** Student discount available**

Despite Matisse’s warning that ‘he who wants to dedicate himself to painting should start by cutting out his tongue’, artists in the modern period have frequently expressed themselves in writing (whether memoir, fiction or theory). This conference will ask what motivates artists to write, how they view the relation between their visual and textual practice, and how they use writing to manipulate or challenge the public reception and critical interpretation of their work. Challenging the myth of the visual artist as an intuitive anti-intellectual, it will demonstrate the extent and diversity of artists’ contributions to modern literature and criticism in various languages. It will also investigate how scholars interpret these texts: are they works of art in themselves or simply evidence about the artist’s life and craft? Do they conceal as much as they reveal? How has the role and perception of artists’ writings changed over time?

Speaker(s): Bridget Alsdorf (Princeton University), Kenneth Bendiner (University of Wisconsin-Milwaukee), Grace Brockington (University of Bristol), Nicholas Chare (University of Reading), Julie F. Codell (Arizona State University), Peter Cooke (University of Manchester), Ann Compton (University of Glasgow), Julia K. Dabbs (University of Minnesota, Morris), James Faure Walker (artist; Camberwell College of Arts), Richard Hobbs (University of Bristol), John House (Courtauld Institute of Art), Sylvia Karastathi (University of Cambridge), Emma Kimberley (University of Leicester), Yvonne Kyriakides (artist), Michelle Letowska (artist), Anna Lovatt (University of Nottingham), Peter Maber (University of Cambridge), Nina Parish (University of Bath), Dina Ramadan (Columbia University), Christina Rosenberger (Center for the Technical Study of Modern Art, Harvard University Art Museum), Deborah Schultz (University of Sussex), Dave Smith (artist), Rachel Sloan (independent art historian), Lisa Tickner (Courtauld Institute of Art), Aurélie Verdier (Ecole des Hautes Etudes en Sciences Sociales), Duncan White (Central St Martins)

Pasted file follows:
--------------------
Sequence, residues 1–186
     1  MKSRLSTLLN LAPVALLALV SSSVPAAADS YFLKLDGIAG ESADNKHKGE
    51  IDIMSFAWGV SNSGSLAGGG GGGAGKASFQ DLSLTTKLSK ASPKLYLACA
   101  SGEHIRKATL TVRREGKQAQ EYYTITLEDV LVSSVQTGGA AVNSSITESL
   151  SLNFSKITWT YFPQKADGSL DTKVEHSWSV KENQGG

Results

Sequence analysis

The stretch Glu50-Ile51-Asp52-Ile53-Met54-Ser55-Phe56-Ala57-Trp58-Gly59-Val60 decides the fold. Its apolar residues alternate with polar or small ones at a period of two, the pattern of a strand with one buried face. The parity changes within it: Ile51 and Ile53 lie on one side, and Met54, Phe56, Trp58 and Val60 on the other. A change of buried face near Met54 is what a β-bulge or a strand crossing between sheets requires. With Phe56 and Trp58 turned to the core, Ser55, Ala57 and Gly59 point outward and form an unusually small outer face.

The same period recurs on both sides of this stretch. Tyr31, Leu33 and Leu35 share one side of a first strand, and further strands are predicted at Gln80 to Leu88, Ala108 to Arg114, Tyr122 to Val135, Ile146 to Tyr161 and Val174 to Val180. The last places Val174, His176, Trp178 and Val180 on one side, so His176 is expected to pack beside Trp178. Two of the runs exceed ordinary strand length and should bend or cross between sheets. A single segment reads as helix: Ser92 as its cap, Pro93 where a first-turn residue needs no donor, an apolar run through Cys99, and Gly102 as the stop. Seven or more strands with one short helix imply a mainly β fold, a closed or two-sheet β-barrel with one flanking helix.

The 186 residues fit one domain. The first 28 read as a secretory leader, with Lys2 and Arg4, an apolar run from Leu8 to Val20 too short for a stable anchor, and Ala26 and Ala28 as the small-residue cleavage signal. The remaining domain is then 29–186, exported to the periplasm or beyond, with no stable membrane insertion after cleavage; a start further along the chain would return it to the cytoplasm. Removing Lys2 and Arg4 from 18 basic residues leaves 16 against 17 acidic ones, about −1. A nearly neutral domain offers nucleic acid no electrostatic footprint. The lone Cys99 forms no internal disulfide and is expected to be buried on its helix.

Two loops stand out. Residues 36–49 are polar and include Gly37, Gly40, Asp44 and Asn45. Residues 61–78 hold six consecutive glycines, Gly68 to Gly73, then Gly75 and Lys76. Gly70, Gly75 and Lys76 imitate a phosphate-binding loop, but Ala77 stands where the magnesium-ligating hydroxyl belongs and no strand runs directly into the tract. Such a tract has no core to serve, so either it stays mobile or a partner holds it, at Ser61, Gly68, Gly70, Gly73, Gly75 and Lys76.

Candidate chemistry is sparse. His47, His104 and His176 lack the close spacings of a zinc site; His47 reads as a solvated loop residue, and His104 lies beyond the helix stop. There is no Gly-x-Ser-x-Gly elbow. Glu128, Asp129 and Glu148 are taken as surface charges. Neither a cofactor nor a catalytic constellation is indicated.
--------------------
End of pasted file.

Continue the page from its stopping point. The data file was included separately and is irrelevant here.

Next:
**Booking now open**